To ensure the programme was as effective as possible, we partnered with Mercy Hospital to understand the programme's impact and identify opportunities to improve on it. Given the uniqueness of Mercy’s +Mpower programme to both fill staffing gaps in a healthcare organisation and uplift marginalised communities, we developed an evaluation framework focused on mission-driven programmes.

The framework evaluated the programme based on a range of components as Claudia Gaitan, PA business transformation expert explained, “We looked at how the programme measured up to established practices in the field. What metrics could be used to determine success? And were these the correct ones? What made this programme different than all the rest?”

Using this framework and augmenting it with research, focus groups, and interviews with programme participants, staff, and community partners, we identified significant insights for expanding and measuring programme impact. “It became clear that the programme was achieving more than it was measuring and still had opportunities for growth,” explained Gaitan. She continued, “that meant expanding relationships with additional immigrant-serving organisations and establishing a unified data collection strategy that includes participant feedback on the programme.”

In terms of metrics, together we agreed the need to measure short-term success aligned to social emotional well-being through increased confidence, a better network of support, and a broader vocabulary. Further down the line, success can be measured by the number of entry-level employees who increased their hourly wage.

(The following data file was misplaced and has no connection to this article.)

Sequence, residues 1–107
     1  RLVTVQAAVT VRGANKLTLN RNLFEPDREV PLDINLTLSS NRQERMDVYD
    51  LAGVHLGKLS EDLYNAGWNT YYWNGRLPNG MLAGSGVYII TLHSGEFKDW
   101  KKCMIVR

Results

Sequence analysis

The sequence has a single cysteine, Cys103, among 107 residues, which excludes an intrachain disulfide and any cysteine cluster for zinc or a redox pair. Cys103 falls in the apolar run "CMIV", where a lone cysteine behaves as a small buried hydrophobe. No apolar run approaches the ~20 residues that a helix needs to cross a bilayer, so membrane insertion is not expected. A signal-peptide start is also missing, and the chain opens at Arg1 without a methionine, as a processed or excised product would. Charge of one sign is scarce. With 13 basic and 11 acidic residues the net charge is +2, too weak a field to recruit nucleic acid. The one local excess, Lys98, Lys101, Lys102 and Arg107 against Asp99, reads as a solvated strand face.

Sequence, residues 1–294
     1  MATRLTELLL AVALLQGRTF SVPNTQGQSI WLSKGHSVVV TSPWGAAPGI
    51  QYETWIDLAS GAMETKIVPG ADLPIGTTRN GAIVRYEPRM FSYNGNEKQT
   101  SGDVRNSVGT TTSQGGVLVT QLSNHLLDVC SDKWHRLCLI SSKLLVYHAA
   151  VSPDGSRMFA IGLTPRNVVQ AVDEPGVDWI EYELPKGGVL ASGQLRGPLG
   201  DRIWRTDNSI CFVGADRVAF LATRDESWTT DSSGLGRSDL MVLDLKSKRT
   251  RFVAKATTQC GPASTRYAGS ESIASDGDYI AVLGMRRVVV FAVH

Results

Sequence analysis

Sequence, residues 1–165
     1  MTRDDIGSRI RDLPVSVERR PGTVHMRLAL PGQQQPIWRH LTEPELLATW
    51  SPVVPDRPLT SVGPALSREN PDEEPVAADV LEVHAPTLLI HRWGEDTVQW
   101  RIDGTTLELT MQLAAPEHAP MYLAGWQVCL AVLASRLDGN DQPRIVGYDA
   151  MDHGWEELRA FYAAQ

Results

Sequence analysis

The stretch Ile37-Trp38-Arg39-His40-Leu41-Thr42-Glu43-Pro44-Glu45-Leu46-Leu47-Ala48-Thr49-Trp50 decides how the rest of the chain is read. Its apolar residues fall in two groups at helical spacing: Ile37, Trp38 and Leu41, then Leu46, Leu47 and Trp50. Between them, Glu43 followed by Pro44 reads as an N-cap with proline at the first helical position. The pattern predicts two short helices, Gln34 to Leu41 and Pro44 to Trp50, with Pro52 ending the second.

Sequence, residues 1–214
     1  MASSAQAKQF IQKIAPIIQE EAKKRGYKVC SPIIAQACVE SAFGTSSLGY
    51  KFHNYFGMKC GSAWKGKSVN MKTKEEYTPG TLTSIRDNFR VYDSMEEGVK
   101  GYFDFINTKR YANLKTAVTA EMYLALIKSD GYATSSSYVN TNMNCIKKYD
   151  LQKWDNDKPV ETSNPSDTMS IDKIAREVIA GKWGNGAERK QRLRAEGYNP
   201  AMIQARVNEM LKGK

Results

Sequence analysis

Hearing directly from the participants was the best part of this project. We conducted two focus groups over Zoom, one in English for more advanced participants, and one with a French speaking interpreter to capture participants’ thoughts and voices. Everyone emphasised how grateful they were for this opportunity. One participant recounted working at a factory through the night and then heading to English class afterwards. She said it was almost impossible to be successful with that set up. But not with Mercy. Mercy provides her the opportunity to learn English while working, and once her English improves, she’ll be able to begin training for a CNA certification (Certified Nursing Assistant). With her certification, she’ll be able to access a job that is higher-skilled and higher-paid.”
Business transformation expert, PA

A programme without trade-offs

Where the +Mpower programme truly stands out as unique compared to others in the industry, is that there is no trade-off between wages and learning. Other programmes force users to choose between taking English classes after work and giving up time with their family or working fewer hours to take courses during their day, impacting their economic stability. +Mpower removes that choice by providing on-site, paid learning opportunities.

Learning a language is a long-term commitment and, as the programme evolves, the true impact will become apparent. By breaking down barriers and empowering marginalised communities, Mercy Hospital is addressing the talent gap in the healthcare system while promoting economic mobility.

Other healthcare organisations in the US are seeking innovative solutions to talent shortages and inclusion of marginalised populations and may look to Mercy Hospital for inspiration.

Mercy Health identified a problem and jumped in with a plan. They found ways to support their entry level employees who are new to this country, from beginning to end, bringing all the pieces in-house rather than directing people all over town to piece it together.”
President and CEO, John T. Gorman Foundation

Explore more

Contact the team

We look forward to hearing from you.

Get actionable insight straight to your inbox via our monthly newsletter.